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Minister praises biochar trials

Agriculture Minister Tony Burke and research scientist Lukas Van Zwieten checking a corn crop that is part of the biochar trial.
Agriculture Minister Tony Burke and research scientist Lukas Van Zwieten checking a corn crop that is part of the biochar trial.

Professor Tim Flannery has described biochar as “(possibly) the single most important initiative for humanity’s environmental future... It allows us to address food security, the fuel crisis, and the climate problem and all in an immensely practical manner.”

Biochar is the material produced by heating carbon-rich material at a very high temperature in limited oxygen. The charcoal-like product is then added to soil to improve soil fertility and increase carbon sequestration.

A similar process known as ‘terra preta’ was used by South American tribes on the Amazon River for thousands of years and there has been some low-level research into the use of biochar in developing countries, but it has only been in the past few years that the scientific community has started to get very excited about the process and confirmed there are real benefits for soils.

A biochar project being run by NSW Industry and Investment (formerly the Department of Primary Industries) is amongst the first in the world to be able to quantify the benefits it can have on agricultural crops and in carbon storage.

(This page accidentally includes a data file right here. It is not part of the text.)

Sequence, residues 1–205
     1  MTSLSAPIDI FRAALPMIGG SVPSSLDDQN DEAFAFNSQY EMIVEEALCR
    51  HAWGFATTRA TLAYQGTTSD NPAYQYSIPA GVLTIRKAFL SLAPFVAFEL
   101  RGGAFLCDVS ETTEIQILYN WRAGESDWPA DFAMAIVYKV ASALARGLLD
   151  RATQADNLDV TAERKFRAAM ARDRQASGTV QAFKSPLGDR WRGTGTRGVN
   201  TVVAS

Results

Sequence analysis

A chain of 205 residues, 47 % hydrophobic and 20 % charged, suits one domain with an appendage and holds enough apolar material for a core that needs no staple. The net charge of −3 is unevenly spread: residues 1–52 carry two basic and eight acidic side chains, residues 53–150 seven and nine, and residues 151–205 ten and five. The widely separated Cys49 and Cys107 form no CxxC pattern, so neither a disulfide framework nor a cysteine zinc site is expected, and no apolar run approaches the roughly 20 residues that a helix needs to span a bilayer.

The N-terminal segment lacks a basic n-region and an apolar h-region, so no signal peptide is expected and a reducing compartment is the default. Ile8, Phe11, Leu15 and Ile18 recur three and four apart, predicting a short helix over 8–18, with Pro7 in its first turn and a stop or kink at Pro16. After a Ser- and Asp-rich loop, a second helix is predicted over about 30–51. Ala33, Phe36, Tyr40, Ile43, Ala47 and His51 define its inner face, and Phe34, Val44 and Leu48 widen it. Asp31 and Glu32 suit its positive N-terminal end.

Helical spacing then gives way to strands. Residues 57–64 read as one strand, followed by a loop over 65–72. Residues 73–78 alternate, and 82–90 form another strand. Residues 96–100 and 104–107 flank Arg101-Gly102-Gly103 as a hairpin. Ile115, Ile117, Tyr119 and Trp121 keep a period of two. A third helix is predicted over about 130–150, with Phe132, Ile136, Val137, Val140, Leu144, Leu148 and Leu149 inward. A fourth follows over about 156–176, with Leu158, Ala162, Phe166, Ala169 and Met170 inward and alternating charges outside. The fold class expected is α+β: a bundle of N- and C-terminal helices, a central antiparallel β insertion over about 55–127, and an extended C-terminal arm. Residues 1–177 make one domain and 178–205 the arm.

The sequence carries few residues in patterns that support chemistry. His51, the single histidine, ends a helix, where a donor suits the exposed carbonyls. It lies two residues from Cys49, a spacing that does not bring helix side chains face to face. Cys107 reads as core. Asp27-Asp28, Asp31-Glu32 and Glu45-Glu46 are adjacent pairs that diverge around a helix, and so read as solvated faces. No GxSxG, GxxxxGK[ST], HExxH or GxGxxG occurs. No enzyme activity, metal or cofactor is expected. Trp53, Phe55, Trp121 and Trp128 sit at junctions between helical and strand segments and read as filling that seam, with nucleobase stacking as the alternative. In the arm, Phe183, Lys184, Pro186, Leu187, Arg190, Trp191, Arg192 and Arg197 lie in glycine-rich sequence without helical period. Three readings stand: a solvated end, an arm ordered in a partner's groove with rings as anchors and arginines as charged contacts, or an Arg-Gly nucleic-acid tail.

The federal Minister for Agriculture Tony Burke was at the Wollongbar Agricultural Institute on Monday checking out some of their trials.

“People have been talking about ways of improving productivity and reducing greenhouse gasses but asking how do you measure it?” he said.

He praised the efforts of Dr Lukas Van Zwieten and his team who, for the past four years, have been trialling biochar on a range of crops on the North Coast including avocadoes, sugar cane, rice, macadamias and coffee.

“This work allows us to start doing that... the challenge is that different types of biochar will give different results with different soil types and different crops,” Mr Burke said.

Biochar can be produced from any organic material such as household green waste, paper waste or agricultural waste. The gas that is produced in the process, known as syn gas, can also be used to generate electricity.

The trials being conducted in the Northern Rivers are largely funded through a Caring For Our Country grant to Richmond Landcare.

Tony Walker from Richmond Landcare said one of the biggest problems they faced was actually getting the biochar because there is no commercial production of biochar in Australia at the moment. There is a reactor (also known as a pyrolisis machine) at Gosford, but it is only for small scale trials, so they have had to import it from Indonesia and The Philippines.

“There is definitely an opportunity for a biochar plant to be established in the Northern Rivers. We are hoping that a local council in our area will build a plant – not only to avoid burying green waste, but also to make locally produced biochar for trials and for farmers to utilise,” Mr Walker said.

He said they had been in discussion with Ballina Shire Council and estimated the cost of building a pyrolysis machine would be around $12 million and that it should pay for itself in four to five years.


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